2. Narrower topics relevant in this example and that could have been pre-identified ahead of time, especially if a major transportation company had previously engaged an entity using the CREOpoint system. In this example, topics would have pre-identified with such terms as French “Yellow Jackets”, SNCF employee suicides, French Transport Industry VIPs, activism against autonomous vehicles, fires at critical sites, and disruptions of train stations. The CREOpoint system described herein would have pre-identified reporters who covered major events such as prominent TV anchorman Julien Beaumont of TF1; Les Echos Lionel Steinman who routinely covers SNCF, and William Audureau who covers fake news about the “Gilets Jaunes” at the French daily “Le Monde.” The time savings resulting from pre-identification would be crucial since the CREOpoint system would immediately monitor and take into account whether they retweeted the story or warned their readers about the possibility that the news item could be fake news.
3. Relationship to the companies in question (SNCF, Keolis, Mairie de Lyon, Ministere de l'Interieur etc.,).
4. Type of fake news: Misleading news not based on facts, fabricated to be intentionally deceptive, deepfake, fabricated picture, PR stunt, hoax, satire or parody, sloppy agenda-driven reporting, misleading news without context, origin of the fake news (e.g., local activists, Russia), financial scandal, sexual harassment, etc. The CREOpoint system indirectly provides readily available fake news detection and debunking tools thanks to and experts who are well informed and routinely and quickly fact check various types of fake news. For example, local French experts evaluating French fake news (e.g., “Les Décodeurs” from “Le Monde”, CheckNews from “Liberation”, CrossCheck from FirstDraft) would have a higher weight in the overall scoring mechanism than a predetermined expert further from the incident/county.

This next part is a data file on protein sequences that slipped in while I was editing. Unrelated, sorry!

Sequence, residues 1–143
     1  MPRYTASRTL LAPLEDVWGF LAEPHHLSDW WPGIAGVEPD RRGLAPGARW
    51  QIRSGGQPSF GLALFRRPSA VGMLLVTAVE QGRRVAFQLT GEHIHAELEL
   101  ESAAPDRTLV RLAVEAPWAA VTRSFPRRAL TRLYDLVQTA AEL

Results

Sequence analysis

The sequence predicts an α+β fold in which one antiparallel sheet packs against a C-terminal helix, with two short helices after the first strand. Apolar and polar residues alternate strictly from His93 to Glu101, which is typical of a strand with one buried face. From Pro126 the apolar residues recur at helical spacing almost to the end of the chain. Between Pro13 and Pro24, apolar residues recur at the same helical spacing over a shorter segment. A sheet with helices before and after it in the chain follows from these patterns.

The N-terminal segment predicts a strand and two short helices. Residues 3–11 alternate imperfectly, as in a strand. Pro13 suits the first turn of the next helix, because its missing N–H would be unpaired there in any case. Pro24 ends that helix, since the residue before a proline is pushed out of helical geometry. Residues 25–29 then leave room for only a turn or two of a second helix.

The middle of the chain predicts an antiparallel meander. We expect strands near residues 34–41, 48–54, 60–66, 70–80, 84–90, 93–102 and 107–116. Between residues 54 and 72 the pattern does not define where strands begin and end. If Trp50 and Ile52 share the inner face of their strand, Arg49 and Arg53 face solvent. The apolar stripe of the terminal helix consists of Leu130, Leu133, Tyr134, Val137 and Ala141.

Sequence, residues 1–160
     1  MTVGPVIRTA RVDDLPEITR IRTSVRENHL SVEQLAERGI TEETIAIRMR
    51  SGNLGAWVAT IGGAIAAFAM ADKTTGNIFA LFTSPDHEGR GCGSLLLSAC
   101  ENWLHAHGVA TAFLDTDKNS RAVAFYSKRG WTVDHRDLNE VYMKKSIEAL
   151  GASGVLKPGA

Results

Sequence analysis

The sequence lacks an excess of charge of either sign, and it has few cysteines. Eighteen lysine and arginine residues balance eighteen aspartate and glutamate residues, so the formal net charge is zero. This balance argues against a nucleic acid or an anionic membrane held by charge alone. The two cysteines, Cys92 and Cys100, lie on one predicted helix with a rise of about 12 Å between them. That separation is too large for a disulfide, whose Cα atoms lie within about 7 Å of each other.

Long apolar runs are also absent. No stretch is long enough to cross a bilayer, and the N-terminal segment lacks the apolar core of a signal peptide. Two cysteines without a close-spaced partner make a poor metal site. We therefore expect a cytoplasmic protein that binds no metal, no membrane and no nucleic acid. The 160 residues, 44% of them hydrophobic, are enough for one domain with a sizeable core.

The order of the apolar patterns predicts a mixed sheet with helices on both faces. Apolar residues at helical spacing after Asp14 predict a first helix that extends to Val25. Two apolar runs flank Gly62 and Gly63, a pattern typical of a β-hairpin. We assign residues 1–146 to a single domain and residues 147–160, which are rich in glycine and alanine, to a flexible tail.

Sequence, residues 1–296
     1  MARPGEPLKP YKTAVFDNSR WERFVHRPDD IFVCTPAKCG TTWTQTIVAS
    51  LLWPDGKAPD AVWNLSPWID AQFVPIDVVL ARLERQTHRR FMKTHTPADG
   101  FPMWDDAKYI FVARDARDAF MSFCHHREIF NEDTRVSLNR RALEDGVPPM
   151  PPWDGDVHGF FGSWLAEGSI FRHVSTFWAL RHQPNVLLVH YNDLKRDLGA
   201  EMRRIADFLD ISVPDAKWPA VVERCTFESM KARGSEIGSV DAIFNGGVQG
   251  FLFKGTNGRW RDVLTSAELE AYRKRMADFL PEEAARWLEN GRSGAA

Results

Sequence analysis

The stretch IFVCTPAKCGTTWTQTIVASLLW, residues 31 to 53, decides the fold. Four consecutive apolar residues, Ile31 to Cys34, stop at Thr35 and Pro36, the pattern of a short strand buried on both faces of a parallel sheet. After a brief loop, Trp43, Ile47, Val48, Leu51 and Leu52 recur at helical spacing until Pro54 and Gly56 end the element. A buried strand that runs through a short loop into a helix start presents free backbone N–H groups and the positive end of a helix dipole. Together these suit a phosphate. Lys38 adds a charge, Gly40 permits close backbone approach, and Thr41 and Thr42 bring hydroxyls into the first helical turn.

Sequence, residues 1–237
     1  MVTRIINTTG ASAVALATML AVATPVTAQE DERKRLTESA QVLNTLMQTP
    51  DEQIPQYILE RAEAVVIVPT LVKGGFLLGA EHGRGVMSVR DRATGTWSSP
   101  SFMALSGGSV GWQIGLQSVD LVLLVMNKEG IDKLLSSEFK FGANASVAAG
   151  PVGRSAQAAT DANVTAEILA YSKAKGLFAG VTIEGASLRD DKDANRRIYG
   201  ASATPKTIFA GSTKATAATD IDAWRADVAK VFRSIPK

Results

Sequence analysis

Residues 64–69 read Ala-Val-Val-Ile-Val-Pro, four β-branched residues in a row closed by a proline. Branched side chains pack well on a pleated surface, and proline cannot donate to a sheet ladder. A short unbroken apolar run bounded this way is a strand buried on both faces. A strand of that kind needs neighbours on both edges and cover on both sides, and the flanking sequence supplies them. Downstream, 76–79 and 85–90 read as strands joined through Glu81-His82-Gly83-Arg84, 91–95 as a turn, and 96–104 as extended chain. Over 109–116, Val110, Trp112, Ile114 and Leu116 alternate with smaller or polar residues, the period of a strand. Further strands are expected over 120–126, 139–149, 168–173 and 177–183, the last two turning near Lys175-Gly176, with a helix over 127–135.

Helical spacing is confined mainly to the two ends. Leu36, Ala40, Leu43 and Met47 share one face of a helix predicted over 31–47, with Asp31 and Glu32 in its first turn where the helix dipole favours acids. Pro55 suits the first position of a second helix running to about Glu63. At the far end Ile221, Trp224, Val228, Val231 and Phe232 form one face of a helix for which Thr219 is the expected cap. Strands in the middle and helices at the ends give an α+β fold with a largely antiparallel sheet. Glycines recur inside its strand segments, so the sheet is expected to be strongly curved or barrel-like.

It is anticipated that, as anticipated also by the former Chief Technologist at the University of Michigan's Center for Social Media Responsibility, the CREOpoint proprietary database of screened experts could also be made available (for a fee or not depending on situations) to an organization helping reporters and others looking to improve their work and sources they quote as they respond to breaking news. https://www/buzzfeednews.com/article/charliewarzel/the-terrifying-future-of-fake-news#.rxR63Kb8BZ
Feature 4: Developing Mechanisms to Incentivize these Experts to be Active in Near Real-Time when Consulted
In the CREOpoint system described herein, the short-listed experts would: